JCS Statement On 29th Annual James Connolly Commemoration

The James Connolly Society Committee with news of an event to be held in Edinburgh.

The 29th annual James Connolly Commemoration will be held in Edinburgh’s Cowgate on Saturday 6th June at 1pm. This event is held on the same weekend (the nearest Saturday to Connolly’s birth in the city) every year. The commemoration takes the form of a wreath laying ceremony with non-party political speakers and live music. The event is organised in conjunction with local residents and open to all the family.

Today the JCS received notification from Edinburgh Council that Police Scotland intend to force a flute band parade through the Cowgate on the same day and at the same time. This march has been called by the Celtic Commemoration Committee who it transpires have met with Police Scotland on various occasions to plan this parade.

The James Connolly Society notified the Council of our plans on February 18th 2015. Today was the first communication we have had from Edinburgh Council. The JCS were not required to notify the Council as we are not applying for permission for anything. We notified them as a courtesy after consulting the local community. We should stress that this flute band parade has never previously clashed with the James Connolly Commemoration. Indeed it was originally held in October. No one can explain why Police Scotland have moved this flute band parade to clash with our commemoration.

The JCS has today written to the Chief Executive of Edinburgh Council and every Councillor in the city demanding an independent inquiry into this affair. We have also demanded that all relevant documents related to this parade be placed in the public domain immediately. Including minutes of all meetings, briefing notes and all correspondence between Police Scotland, the Celtic Commemoration Committee and Council officials. Let’s see who’s really pulling the strings.

Since our first Connolly Commemoration in 1986 this event has been a target for the state. This is partly due to the success of the JCS in building support for Connolly’s politics within working class communities. It must also be seen in its historical context. From the time of Connolly’s execution by the British state until 1986 every attempt to commemorate Connolly in the city of his birth was smashed, physically and politically, by the state and their proxies.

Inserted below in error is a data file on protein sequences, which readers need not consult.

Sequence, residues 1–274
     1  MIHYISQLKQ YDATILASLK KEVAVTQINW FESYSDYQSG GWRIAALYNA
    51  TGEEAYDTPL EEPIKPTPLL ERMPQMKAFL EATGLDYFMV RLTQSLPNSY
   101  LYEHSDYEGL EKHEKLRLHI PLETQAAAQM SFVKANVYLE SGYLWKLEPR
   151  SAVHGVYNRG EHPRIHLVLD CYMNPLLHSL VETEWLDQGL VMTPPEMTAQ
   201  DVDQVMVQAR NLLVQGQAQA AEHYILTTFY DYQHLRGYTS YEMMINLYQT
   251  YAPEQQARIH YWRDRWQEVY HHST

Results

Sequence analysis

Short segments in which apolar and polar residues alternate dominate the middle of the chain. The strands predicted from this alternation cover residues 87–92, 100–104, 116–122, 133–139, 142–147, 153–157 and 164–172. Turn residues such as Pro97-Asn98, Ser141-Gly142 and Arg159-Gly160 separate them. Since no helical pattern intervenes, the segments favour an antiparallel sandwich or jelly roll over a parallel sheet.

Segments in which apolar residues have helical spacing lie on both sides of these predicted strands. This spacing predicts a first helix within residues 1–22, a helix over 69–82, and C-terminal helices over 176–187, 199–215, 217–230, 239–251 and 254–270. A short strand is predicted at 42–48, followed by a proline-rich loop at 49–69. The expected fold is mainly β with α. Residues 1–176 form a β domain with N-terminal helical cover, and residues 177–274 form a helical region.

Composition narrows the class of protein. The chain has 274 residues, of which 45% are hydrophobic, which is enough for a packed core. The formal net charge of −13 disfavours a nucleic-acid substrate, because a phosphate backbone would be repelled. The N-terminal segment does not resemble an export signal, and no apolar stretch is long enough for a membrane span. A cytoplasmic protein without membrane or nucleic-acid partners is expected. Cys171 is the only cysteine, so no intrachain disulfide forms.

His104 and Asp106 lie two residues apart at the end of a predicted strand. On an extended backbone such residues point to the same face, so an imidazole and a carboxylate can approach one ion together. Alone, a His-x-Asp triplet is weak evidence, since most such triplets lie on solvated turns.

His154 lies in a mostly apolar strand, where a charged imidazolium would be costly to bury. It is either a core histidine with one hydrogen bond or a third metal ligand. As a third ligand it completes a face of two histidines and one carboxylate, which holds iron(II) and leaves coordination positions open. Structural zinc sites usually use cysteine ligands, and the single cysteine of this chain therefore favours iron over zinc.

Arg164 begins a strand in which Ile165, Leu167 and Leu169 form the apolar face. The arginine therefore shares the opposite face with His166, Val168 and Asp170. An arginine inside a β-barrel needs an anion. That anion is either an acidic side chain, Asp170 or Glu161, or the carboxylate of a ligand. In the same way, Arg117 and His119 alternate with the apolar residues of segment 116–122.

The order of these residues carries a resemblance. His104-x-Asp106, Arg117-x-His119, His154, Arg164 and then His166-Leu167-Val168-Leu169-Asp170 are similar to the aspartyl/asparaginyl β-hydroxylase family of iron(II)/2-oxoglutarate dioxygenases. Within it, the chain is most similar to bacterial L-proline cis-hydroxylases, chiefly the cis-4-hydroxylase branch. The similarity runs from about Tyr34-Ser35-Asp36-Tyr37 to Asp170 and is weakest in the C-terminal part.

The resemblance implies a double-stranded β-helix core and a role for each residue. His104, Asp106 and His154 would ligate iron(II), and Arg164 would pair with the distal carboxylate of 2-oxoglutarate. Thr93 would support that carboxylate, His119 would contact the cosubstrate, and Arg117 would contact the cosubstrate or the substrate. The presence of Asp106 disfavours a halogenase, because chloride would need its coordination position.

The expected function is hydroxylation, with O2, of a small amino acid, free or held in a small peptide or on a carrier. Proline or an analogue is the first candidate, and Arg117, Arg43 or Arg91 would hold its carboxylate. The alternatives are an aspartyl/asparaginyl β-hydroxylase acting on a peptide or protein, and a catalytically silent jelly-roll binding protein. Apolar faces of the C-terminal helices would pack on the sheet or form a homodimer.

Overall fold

The James Connolly Society changed all that. The hunger strike generation changed all that. In the intervening 29 years the state has continued to target the JCS and the Connolly Commemoration. This is just the latest manifestation of that state strategy. They recognise the strength of Connolly’s politics and want to reduce it to a sectarian sideshow.

The JCS wishes to make clear that we defend the right of the bands (from the west of Scotland) to march. These bands have exactly the same rights as Orange bands. No political organisation has done more to defend the right of republicans to march than the JCS. We respect the right of the bands to disagree with our political strategy. However, allowing themselves to be manipulated with the purpose of undermining Scotland’s longest running annual republican commemoration is unacceptable.

There are many well intentioned people in the flute bands. Over the last few days several members have said that they were unaware of what was being organised in their name. Now they all know. And now is the time for them to stand up. Working with the state to organise a counter to the 29th James Connolly Commemoration is not only the act of political sectarians it is deeply damaging for republicanism and for the flute bands involved.

The James Connolly Society remains committed to our strategy of moving Connolly from the periphery to the centre of political life in Scotland. Attempts by the state to ghettoise Connolly will fail. Attempts to reduce Connolly’s politics to a gang culture will fail. The JCS will get on with the business of building political strength through our many, many events and the commitment of our activists.

Our attention now turns to Saturday’s Connolly Cycle Challenge for charity, another great example of an inclusively organised community event.

James Connolly Society Committee
May 21st 2015

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